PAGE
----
Basic Omaha Hi/Lo concepts

If you’re a beginner and you’re eyeing the Omaha tables having realized that you will not become a long term winner at Texas Holdem any time soon, I have one piece of advice for you: if you thought it was tough to play Holdem against seasoned vets, wait till you see the carnage at the Omaha tables. Most rookies do not stand a chance in Omaha, because the nature of the game gives a huge, and – unlike Texas Holdem – immediate short- and long term advantage to good players who understand the mechanics behind winning Omaha.

Bottom line is: you’ll be like a lamb led to slaughter if you venture onto the Omaha tables unprepared. Does this mean that you should never play Omaha? By no means. How would you ever get good enough at it to punish rookies if you never played it? You do not have to take the fatalistic approach of paying for your tuition the hard way either. All you have to do is make sure you understand what this game is about and what winning it should be about too.

Let us now take a few glances at some of the basic components which make Omaha the game it is.

Staying focused and keeping your eye on your odds and on the probabilities of yours being the best hand at showdown is important in every poker variant, but it takes on an entirely different dimension in Omaha. If you allow yourself to be distracted by irrelevant aspects of the game like who holds the lead and why, by how someone made a bad call that was so sophomoric it was laughable, you will not spend your time in the optimal manner.

In Omaha, the edges involved are much bigger than in Texas Holdem, therefore, correctly assessing your odds and measuring them up well against the pot odds becomes extremely important. Certainly, this doesn’t mean you will never get unlucky, and when you do hit a bad beat it’ll be extremely tough to swallow because of the very fact that your edge was huge. Large edges however mean that you’ll be able to financially recover from bad beats much faster too.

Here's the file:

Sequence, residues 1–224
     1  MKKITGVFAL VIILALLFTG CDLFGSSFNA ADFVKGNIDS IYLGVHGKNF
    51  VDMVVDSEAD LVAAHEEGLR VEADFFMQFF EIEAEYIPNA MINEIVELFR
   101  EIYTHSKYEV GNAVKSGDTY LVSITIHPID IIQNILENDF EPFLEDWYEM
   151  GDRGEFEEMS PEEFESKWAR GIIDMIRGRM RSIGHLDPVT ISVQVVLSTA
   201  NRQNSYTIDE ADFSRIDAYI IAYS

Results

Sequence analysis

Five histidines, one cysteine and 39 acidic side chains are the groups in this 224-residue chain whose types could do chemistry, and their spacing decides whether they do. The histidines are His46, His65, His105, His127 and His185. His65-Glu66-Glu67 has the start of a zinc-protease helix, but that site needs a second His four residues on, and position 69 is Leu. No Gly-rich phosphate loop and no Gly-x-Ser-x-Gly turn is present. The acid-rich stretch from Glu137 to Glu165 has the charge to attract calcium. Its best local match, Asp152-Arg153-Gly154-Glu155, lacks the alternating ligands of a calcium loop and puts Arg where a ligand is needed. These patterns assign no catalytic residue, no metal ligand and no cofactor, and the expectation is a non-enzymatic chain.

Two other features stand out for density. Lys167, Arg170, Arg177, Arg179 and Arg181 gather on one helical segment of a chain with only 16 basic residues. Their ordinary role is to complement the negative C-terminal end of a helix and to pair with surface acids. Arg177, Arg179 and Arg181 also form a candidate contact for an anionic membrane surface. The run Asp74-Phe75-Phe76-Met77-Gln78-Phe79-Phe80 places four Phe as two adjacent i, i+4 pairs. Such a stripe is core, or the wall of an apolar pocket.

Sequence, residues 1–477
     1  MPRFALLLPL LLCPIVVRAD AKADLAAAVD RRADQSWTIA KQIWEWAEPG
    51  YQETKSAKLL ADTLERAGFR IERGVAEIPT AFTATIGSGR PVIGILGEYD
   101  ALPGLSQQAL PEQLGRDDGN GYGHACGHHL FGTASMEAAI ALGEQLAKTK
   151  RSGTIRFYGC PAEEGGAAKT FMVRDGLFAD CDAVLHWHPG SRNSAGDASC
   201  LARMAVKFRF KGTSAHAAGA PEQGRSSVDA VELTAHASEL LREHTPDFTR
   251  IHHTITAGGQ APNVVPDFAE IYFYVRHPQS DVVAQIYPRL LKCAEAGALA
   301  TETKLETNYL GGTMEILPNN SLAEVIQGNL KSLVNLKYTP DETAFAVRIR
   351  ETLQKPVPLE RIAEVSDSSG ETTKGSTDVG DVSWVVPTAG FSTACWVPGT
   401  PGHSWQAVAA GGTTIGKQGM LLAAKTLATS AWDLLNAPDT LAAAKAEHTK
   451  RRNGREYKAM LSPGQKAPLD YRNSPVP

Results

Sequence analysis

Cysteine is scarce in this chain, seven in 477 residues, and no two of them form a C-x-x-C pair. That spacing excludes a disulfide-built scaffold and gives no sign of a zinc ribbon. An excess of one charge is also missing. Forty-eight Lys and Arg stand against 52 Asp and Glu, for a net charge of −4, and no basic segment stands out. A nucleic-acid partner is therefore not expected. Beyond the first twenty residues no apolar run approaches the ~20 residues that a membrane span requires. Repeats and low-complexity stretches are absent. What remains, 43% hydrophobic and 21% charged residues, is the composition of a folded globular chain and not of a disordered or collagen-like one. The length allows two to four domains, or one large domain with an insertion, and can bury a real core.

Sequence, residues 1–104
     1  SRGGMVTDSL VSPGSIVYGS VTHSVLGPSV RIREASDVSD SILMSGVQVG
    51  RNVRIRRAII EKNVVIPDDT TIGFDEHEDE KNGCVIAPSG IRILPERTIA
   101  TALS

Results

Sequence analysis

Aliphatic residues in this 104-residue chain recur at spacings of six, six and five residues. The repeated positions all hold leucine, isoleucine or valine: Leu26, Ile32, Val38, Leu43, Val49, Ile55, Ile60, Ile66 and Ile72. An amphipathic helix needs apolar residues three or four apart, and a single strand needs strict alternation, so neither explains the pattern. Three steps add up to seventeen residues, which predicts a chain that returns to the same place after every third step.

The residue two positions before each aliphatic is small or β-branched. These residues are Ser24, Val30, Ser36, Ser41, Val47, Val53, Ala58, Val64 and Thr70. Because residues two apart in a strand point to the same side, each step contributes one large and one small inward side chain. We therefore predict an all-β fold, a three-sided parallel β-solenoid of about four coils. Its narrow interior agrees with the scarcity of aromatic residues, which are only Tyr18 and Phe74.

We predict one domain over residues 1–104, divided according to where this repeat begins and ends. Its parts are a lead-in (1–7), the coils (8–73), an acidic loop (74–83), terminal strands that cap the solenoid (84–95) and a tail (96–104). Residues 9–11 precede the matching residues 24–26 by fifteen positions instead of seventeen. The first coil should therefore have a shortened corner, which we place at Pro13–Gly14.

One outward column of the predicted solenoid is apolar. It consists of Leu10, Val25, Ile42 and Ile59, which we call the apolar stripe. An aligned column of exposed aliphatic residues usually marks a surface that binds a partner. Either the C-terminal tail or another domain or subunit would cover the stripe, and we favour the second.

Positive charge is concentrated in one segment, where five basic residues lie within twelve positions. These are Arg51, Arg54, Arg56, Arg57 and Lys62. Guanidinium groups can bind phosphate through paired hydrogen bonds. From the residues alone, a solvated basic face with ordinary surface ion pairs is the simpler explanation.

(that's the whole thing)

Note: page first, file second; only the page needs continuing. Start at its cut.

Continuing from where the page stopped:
Your starting hands are extremely important. You know how they say that in Texas Holdem good players play their opponents rather than their cards? It is also relatively common knowledge that the real skill-part of the game comes after the flop. Well, in Omaha, winning poker begins right after you get those four cards in your pocket. In Omaha, good starting hands are enormous overall favorites over bad starting hands. Exercising proper starting hand selection is one of the simplest and most straightforward ways to becoming a winner in Omaha.

Schooling is one thing you won’t have to worry about in Omaha. I hope you know what schooling is… In a Holdem game, when a single player calls your made hand right down to the wire with a gutshot straight, he is making a huge mistake. When several players make similarly bad calls though, they improve the pot odds for each individual fish, and they protect each other because their cumulated odds become significant enough to seriously threaten a made hand that a good player is trying to milk to the max.

In Omaha, you will not get such schooling. There, the phenomenon will only aid good players. Players with few outs continuing to call someone who has a whole bunch of them will not affect the good player’s odds adversely. This is why they call Omaha the game of nuts, and this is where the biggest secret behind winning Omaha lies.

If you ever manage to get yourself in a position in which you could profit off other player’s bad choices, you basically have it made.

Don’t forget to sign up for rakeback when you hit the Omaha tables. It’ll give you money back on just about every real money hand that you play.